Buy now, pay later is an attractive way to make purchases. This type of payment program makes your purchases feel smaller than they are by breaking your total amount into equal payments. You typically make payments every week, two weeks, or a month. But is this type of payment plan something your child should be using? Here are the pros and cons.
Pros for buy now, pay later
- Instant gratification
- Save money in the short run
- No interest if paid as agreed
Buy now, pay later cons
- Easy opportunity to buy above and beyond your means
- Long-term payments
- Late fees, deferred interest, and other missed payment penalties
If your teen makes a set amount of money each week from their allowance or part-time job, buy now, pay later can seem like a great option. But what if they work fewer hours at their job before they need to make payments? Or something unexpected comes up, and they spend their funds?
Buy now, pay later, and credit cards for kids
Buy now, pay later might seem like an easy alternative to credit cards and can have the same “free money” feeling. It can be difficult for parents to explain how credit works to kids and even more challenging to teach ideas like delayed gratification and saving money. A teen debit card is a great alternative to a credit card for teens. It can offer your kid some financial independence while providing parents with tools to teach them how to build good financial habits. Kids manage, spend, and save their own money and can practice saving for larger purchases while gradually learning about borrowing and debt.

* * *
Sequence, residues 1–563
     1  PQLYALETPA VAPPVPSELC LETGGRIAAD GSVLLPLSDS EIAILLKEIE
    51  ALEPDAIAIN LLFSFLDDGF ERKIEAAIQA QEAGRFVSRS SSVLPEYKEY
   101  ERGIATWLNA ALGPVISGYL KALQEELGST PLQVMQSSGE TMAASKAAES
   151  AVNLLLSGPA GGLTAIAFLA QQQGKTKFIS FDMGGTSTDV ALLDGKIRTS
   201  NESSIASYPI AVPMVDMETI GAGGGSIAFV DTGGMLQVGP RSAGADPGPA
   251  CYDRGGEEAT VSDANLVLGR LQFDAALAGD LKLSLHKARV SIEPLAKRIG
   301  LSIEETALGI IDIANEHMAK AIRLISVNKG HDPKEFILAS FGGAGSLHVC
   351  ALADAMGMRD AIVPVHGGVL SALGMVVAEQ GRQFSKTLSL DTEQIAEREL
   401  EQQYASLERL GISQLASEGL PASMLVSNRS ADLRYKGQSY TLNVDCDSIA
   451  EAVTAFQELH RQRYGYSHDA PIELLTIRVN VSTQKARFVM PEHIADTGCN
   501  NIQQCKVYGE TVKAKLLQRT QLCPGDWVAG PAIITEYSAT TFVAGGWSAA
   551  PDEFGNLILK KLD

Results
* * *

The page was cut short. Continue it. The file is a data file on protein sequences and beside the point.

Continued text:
Teach teens how to save money
Many parents struggle to teach teens how to save money. Financial responsibility and good money habits have never been more important. A few ideas to focus on when talking to your kids about saving money are:
- Delayed gratification. Help kids understand that waiting (and saving) can often lead to better money choices and better long-term results. Saying no to a toy now means your child can save up and buy something even better in the future.
- Financial planning. Prepare your kids for the future by teaching them how to think ahead and save. This skill can help your child build resilience and handle hardships down the road.
- Financial responsibility. Encourage your child to take responsibility for their spending. They will learn awareness and how to take action with their finances as they learn how to manage their money.
Talk to your kid about credit and saving money
Talk to your kid about why they should or should not use buy now, pay later and start the conversation about saving money. Encourage them to save money for large purchases and practice financial planning. You may also consider testing the concept by loaning them some money to buy an item now and pay you back. You can start small, but this will allow them to get a feel for how payments work. Just remember, if you do this you must be consistent and insist they pay you back in full, or it will teach the wrong lesson!
Try the GoHenry debit card for kids to see how it can help you teach your teen to save and spend wisely. They can set saving goals and track their progress within the app.